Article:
Ivanka Trump had plans to attend Joe Biden's inauguration on January 20 - much to her father's chagrin, according to a White House insider, in order to save her aspiring political career as the White House plunges further into chaos and is being dubbed a 'circus on steroids.
'Ivanka is worried that her promising political career is in jeopardy and she's doing whatever she can to save her reputation,' the source says.
But President Trump was up in arms about Ivanka's decision.
'He said it's an insult that she would even want to engage with the crooks that are trying to bring him down,' says the insider, adding that Trump said the family must stand together and put on a united front.
'The president told his daughter that her presence at the inauguration will cost her thousands of supporters and would be the worst decision she could ever make,' they say.
Ivanka was convinced that by attending Biden's inauguration she would come across as 'being a good sport and will gain future supporters,' the source says.
'She said she has to protect her own political aspirations and isn't about to muck it all up by attending her dad's 2024 campaign kick-off which is set for the same day. She's leaving that for her dad and Don Jr.'
Another White House source has denied that she plans to attend the inauguration.
This comes as calls for Mike Pence to invoke the 25th Amendment to remove Trump from office have intensified.
As of Monday, House Democrats formally unveiled articles to impeach Trump, charging him with 'incitement of insurrection.'
And tensions remain high in the final days of Trump's presidency, as our source says the White House has been 'dubbed a circus on steroids with Trump's kids desperately vying for control and staff members walking on pins and needles.'
'Don Jr. and Ivanka talk over each other, which is nothing new, just escalated to the nth degree,' they say.
The source adds that Ivanka was looking to attend the inauguration because she 'wants to be [her father's] voice and they owe it to the people.'
Donald Trump made it clear he wouldn't be attending Biden's January 20 inauguration in a tweet last week - before his social media accounts were permanently suspended.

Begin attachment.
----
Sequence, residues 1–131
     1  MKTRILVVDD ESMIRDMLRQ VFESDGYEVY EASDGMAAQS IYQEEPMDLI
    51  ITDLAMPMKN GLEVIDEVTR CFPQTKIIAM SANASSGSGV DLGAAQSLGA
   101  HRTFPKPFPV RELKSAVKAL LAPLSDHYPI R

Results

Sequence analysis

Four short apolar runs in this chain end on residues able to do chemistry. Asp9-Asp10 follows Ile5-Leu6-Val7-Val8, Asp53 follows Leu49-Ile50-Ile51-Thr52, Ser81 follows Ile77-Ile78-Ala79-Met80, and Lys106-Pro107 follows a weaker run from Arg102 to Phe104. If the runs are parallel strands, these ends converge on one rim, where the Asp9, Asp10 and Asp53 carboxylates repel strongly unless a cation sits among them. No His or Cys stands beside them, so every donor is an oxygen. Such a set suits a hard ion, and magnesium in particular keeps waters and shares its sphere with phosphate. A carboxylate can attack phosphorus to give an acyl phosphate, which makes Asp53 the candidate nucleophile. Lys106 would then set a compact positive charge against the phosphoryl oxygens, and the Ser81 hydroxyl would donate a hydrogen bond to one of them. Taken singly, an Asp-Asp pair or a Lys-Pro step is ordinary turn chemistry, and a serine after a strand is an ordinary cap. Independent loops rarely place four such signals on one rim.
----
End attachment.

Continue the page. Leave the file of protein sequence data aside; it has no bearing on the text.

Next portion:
'To all of those who have asked, I will not be going to the Inauguration on January 20th,' he said Friday.
The last president not to attend his successor's swearing-in was President Andrew Johnson in 1869 - who had also been impeached. Both John Adams and John Quincy Adams snubbed their successors too.
And while Ivanka is trying to save face, she came under fire on Wednesday for describing the violent MAGA protesters who smashed their way into the Capitol as 'American Patriots' in a now-deleted tweet.
Protesters stormed the Capitol just moments after President Trump urged them to 'march on Congress' at the 'Save America' rally in Washington DC.
Capitol Police were seen with their guns drawn and aimed at the barricaded door of the US House chamber as the MAGA mob smashed the glass in the entrance doors in an attempt get inside. Other Trump supporters could be seen sitting in the Senate chamber and inside the offices of congress members.
But despite one woman being shot during the violent confrontation between cops and protesters and several others being killed, the President's daughter resisted telling his supporters to leave the building.
She tweeted: 'American Patriots - any security breach or disrespect to our law enforcement is unacceptable.
'The violence must stop immediately. Please be peaceful.'
She later deleted the tweet when outraged followers asked if she believed the attackers were 'patriots', adding 'Peaceful protest is patriotic. Violence is unacceptable and must be condemned in the strongest terms.'
A few hours later, supermodel Karlie Kloss, who is married to Josh Kushner, the younger brother of Ivanka's husband Jared, tweeted, 'Accepting the results of a legitimate democratic election is patriotic. Refusing to do so and inciting violence is anti-American.'
Ivanka is said to have been left 'surprised and hurt' by Kloss' comments.
Meanwhile, Melania Trump broke her silence Monday on last week's mob attack on the Capitol, saying she 'absolutely condemns the violence' incited by her husband and calling for 'healing' as the couple prepares to leave office.
Five days after the attacked that resulted in five deaths, the First Lady published a statement that acknowledged the deaths of her husband's supporters before the deaths of two Capitol Police officers.
'My heart goes out to: Air Force Veteran, Ashli Babbit, Benjamin Philips, Kevin Greeson, Rosanne Boyland, and Capitol Police Officers, Brian Sicknick and Howard Liebengood. I pray for their families comfort and strength during this difficult time,' she wrote.
But in her 600-word essay published by the White House, she quickly turned the situation to herself, slamming the 'salacious gossip, unwarranted personal attacks, and false misleading accusations on me' - a reference to reports she was conducting a photo shoot in the White House during the MAGA mob scene.
'I find it shameful that surrounding these tragic events there has been salacious gossip, unwarranted personal attacks, and false misleading accusations on me – from people who are looking to be relevant and have an agenda. This time is solely about healing our country and its citizens. It should not be used for personal gain,' she wrote in the message entitled Our Path Forward.
The essay is filled with spelling errors (Babbit's name was spelled wrong - it's Babbitt) and grammar mistakes.
This article has been adapted from its original source.
© Associated Newspapers Ltd.